Green Book (2018) — Starring Viggo Mortensen, Mahershala Ali and pretty Linda Cardellini from Mad Men, this is an excellent period piece that recreated the 1960’s well. I had some background going into this film via the Florida Historical Society’s podcast that told me about the “green books” that were published at this time; books directing African American travellers where it was safe to eat and sleep, books particularly helpful when travelling through the volatile South. The two principals gave compelling performances and I was hanging on every scene waiting for the breakthrough when they would become friends.
The Girl Next Door (1953) — Here is one of those films that I’ve owned for a long time but never felt compelled to watch. I think mostly because I am not terribly familiar with the lead actors. I was pleasantly surprised by this charming musical, though, and by its stars, June Haver and Dan Dailey. I was captivated by the storyline that had star Haver moving next door to widowed cartoonist Dailey and his young son. I was interested to learn that, after this film, Haver packed Hollywood in and spent the rest of her days living a low-key life as the wife of Fred MacMurray. I laugh when this happens to me; here’s a movie that sat on my shelf for, literally, 10 years. When I finally watch it, I find it’s delightful. Sitting there all this time.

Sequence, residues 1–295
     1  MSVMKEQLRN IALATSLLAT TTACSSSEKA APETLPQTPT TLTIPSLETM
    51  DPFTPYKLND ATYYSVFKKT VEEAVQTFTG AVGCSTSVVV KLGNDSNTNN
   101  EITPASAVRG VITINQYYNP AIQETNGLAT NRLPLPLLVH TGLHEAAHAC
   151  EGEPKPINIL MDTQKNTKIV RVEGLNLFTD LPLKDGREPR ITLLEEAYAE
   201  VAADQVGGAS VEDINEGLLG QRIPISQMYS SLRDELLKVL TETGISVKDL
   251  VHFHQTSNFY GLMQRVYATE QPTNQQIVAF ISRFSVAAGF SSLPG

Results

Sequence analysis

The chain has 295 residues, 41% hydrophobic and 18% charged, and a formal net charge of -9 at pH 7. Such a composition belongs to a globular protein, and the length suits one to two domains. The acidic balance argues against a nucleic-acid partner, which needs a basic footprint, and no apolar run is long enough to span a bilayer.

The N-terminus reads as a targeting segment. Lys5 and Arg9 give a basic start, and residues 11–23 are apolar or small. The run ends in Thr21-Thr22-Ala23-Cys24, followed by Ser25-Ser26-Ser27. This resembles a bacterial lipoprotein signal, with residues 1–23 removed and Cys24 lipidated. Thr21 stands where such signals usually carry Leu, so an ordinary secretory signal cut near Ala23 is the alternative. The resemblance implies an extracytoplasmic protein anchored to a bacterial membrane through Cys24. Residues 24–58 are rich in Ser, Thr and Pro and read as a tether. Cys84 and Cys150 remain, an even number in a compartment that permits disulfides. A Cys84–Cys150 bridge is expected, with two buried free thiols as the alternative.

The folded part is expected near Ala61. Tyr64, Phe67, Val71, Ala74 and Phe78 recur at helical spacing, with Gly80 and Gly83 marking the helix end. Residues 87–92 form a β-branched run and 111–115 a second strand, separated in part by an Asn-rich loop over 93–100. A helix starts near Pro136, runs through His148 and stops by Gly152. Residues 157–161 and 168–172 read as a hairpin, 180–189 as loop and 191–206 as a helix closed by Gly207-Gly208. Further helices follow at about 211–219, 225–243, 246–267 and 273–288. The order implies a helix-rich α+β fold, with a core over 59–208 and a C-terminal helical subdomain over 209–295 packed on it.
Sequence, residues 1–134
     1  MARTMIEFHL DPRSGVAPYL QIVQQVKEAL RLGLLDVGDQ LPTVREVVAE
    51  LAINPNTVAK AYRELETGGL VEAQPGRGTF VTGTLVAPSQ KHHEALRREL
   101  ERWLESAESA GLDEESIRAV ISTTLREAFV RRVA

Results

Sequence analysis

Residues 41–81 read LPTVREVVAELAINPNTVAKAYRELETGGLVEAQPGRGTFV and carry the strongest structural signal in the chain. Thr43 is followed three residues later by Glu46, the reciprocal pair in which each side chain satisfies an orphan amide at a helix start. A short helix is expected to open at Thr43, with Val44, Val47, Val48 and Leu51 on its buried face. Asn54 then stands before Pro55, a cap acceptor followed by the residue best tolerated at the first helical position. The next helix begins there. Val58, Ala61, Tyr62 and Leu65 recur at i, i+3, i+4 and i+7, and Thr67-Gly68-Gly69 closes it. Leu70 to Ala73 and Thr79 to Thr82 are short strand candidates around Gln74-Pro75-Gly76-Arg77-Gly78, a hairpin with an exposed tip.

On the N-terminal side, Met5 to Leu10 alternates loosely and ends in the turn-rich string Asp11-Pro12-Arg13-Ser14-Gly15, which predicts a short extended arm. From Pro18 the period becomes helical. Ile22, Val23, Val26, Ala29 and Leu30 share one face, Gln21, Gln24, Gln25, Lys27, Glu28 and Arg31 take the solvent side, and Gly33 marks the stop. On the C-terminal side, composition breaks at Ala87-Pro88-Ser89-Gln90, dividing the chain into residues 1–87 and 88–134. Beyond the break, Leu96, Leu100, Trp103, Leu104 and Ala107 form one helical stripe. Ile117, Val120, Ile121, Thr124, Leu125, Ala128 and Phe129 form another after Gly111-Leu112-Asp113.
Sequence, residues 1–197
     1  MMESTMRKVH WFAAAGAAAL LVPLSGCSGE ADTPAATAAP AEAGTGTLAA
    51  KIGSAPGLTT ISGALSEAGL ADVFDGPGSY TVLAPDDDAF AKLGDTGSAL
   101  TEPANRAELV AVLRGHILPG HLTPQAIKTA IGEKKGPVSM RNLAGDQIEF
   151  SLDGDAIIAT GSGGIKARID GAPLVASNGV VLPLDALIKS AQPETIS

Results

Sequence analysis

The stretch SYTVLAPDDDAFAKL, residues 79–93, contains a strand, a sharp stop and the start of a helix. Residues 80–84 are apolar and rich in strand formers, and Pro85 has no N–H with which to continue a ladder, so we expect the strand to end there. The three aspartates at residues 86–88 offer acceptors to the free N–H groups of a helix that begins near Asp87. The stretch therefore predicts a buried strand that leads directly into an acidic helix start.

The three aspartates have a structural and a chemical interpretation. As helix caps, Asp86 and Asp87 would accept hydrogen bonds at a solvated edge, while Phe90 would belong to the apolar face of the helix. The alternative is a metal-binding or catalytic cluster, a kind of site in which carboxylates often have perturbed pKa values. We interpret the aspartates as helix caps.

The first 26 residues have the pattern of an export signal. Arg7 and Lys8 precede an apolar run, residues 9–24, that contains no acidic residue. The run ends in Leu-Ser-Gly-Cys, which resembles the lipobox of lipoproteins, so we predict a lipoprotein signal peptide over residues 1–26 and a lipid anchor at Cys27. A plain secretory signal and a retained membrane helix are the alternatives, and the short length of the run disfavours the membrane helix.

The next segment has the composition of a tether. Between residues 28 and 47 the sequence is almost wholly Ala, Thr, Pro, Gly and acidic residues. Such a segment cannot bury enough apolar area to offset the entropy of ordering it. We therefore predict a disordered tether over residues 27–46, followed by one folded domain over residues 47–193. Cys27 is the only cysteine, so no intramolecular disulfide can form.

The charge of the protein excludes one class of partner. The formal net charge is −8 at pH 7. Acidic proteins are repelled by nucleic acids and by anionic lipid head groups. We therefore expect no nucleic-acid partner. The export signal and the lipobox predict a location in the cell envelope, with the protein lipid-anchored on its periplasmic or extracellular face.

The Stepford Wives (1975) — This came in the summer during a run that saw me watching movies from the ’70’s that started with “S”, a run that included Serpico and Shaft’s Big Score. I was interested to watch The Stepford Wives mainly because I made a point to not read anything about it beforehand; even the back of the DVD box. I re-watch favourite movies so often that it’s novel to have a movie unfold for me while I have no idea what’s going to happen. This film was fascinating. Pretty Katharine Ross being in it helped as I’ve always loved her in The Graduate. Nice to see Paula Prentiss and Tina Louise, as well. I was clenched right up during the last quarter of the film and you who’ve seen it know what I’m talking about. It left an impression, for sure. This DVD, actually, was a pretty good find in the wild as it’s usually the remake you stumble on.